Under the Heavy Vehicle National Law (HVNL), drivers and other parties to the supply chain often come close to the line in complying with their safety responsibilities.
Unfortunately, these narrow escapes are too often swept under the carpet for a number of reasons, including the fear of punishment for reporting these incidents and the general lack of understanding regarding Chain of Responsibility (CoR) obligations.
But there is value in identifying and analysing near misses across the supply chain, obviously, because the information contained in the `debrief` could help prevent a serious accident in future, with much wider ramifications.
What are near misses?
A near miss is an unplanned event that did not result in an injury, illness or damage, but that had the potential to do so, but which do not amount to a CoR breach. The importance of identifying and reporting near misses stems from the HVNL.
Examples of near misses include not following the appropriate speed limit or incorrectly issuing a non-compliant container weight declaration (CWD).
Parties across the supply chain are naturally incentivised to write off near misses as ‘no harm, no foul’ situations because these incidents have not discernibly affected their business or their profit margins.
The concern remains that by informing relevant parties within the business of near misses, workers may face consequences, including being cautioned or even losing their job. However, this way of thinking masks the obvious truth that a near miss is often a predictor for a similar, or more serious, incident occurring at a later stage.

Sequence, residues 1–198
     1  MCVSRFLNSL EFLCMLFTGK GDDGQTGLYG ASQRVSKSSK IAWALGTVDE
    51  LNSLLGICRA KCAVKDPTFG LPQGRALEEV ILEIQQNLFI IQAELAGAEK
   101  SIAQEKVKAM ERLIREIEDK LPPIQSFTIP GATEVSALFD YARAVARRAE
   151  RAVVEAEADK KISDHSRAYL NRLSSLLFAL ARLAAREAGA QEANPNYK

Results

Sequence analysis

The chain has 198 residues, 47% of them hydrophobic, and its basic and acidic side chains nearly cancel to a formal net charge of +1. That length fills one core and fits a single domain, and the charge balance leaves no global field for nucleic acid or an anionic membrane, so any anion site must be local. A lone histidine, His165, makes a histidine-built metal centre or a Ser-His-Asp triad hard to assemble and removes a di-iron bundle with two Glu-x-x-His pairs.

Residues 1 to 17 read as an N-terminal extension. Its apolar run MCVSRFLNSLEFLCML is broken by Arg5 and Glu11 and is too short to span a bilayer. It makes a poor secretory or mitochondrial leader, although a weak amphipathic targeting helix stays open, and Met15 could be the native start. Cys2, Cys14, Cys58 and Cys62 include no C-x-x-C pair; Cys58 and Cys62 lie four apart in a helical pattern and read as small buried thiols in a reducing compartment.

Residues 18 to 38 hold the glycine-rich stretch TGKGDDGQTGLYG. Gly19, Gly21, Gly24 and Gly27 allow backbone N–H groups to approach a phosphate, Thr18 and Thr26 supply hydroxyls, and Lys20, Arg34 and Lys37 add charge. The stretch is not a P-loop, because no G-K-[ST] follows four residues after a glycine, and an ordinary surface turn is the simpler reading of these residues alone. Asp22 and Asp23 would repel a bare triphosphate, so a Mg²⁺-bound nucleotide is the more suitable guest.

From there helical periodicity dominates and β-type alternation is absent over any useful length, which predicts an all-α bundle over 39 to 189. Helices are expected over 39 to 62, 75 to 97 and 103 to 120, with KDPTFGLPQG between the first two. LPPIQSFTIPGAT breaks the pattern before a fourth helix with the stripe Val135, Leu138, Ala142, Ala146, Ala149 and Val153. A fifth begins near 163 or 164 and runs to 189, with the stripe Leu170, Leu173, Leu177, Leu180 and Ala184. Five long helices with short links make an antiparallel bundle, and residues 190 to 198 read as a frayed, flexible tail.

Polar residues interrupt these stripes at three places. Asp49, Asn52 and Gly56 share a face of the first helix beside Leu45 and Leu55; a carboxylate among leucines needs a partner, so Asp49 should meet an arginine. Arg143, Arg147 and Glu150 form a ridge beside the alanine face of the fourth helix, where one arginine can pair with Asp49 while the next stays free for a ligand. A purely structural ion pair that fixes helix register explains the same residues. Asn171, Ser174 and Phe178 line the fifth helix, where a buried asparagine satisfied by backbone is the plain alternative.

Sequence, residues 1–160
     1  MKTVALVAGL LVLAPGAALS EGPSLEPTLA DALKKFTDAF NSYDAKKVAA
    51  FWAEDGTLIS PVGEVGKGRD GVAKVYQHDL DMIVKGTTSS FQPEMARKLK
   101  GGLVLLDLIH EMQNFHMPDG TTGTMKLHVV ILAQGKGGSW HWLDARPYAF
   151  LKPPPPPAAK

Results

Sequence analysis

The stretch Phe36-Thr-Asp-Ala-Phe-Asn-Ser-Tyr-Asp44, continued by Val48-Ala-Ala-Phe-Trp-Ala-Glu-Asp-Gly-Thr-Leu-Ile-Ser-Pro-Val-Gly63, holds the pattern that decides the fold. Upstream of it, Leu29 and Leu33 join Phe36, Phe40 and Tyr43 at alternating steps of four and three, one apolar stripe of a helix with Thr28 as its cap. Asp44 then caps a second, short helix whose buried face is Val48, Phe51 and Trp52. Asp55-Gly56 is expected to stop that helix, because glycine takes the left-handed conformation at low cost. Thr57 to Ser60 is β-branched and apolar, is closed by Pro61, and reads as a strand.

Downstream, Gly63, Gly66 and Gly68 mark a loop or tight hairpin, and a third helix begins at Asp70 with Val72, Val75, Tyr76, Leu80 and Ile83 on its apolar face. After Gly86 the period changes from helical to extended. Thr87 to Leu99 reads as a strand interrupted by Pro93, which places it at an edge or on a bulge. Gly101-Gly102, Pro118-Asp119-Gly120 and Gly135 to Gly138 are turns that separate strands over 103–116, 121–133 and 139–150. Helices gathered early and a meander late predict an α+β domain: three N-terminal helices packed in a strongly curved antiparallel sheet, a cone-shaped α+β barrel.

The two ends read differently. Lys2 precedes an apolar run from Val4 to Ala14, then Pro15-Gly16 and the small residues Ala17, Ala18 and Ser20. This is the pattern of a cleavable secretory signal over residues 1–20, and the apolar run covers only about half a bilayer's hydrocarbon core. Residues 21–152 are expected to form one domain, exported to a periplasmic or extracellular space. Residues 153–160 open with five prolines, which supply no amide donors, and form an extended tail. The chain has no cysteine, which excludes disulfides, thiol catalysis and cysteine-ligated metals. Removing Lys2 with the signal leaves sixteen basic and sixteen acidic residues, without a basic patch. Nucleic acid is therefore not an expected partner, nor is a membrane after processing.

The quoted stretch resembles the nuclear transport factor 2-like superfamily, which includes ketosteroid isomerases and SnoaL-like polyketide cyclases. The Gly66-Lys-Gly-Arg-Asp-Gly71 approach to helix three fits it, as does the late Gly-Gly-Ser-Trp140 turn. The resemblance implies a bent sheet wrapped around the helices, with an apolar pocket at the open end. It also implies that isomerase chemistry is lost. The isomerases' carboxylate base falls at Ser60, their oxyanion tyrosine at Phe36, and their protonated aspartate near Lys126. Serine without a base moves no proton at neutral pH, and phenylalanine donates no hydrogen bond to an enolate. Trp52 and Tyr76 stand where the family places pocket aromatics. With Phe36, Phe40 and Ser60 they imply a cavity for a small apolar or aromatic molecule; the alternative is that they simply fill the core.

Real life examples of near misses under CoR:
- A transport operator attends your premises and is inducted into site procedures, including load restraint. He signs an acknowledgement of his understand of the requirements and is left to restrain his load. But as he is leaving an employee notices the load is not restrained properly and the driver is called back to fix the problem.
- An operator who arranges for a freight container to be transported has prepared a CWD before the journey has commenced. However, it is not compliant as it lists an incorrect weight. The journey is subsequently completed and no adverse incidents arise from the non-compliant CWD.
Research by Premium Driver Australia suggests in its white paper, Corporate Driver Safety: Understanding the Chain of Responsibility, that for every road-related fatality, there are approximately 50 hospitalisations, 500 road incidents and 5,000 near misses on our roads. These statistics do not even take into account potential mistakes made by other parties in the supply chain relating to loading, packing, etc.
Why is it important to report near misses?
The HVNL has identified that the circumstances of any incident, crash or near miss may form part of the matters that a court will consider in deciding whether a person was impaired by fatigue.
Likewise, the HVNL requires businesses to take steps to manage risks by eliminating CoR safety risks or mitigating the effects of any risk that cannot be eliminated. The court may consider a business’s response to prior CoR incidents (including near misses) when considering whether a business has taken ‘all reasonable steps’ to avoid CoR breaches.
Therefore, it is crucial that parties are incentivised to report any near misses to their managers in order to comply with their legislative obligations and fulfil their CoR obligations.
Identifying and reporting these near misses will go a long way towards showing the regulator that:
- CoR is managed under the appropriate risk management framework;
- policies, procedures, systems and processes are in place under the appropriate risk management framework; and
- compliance is monitored with policy, procedures, task descriptions and corrective action plans.
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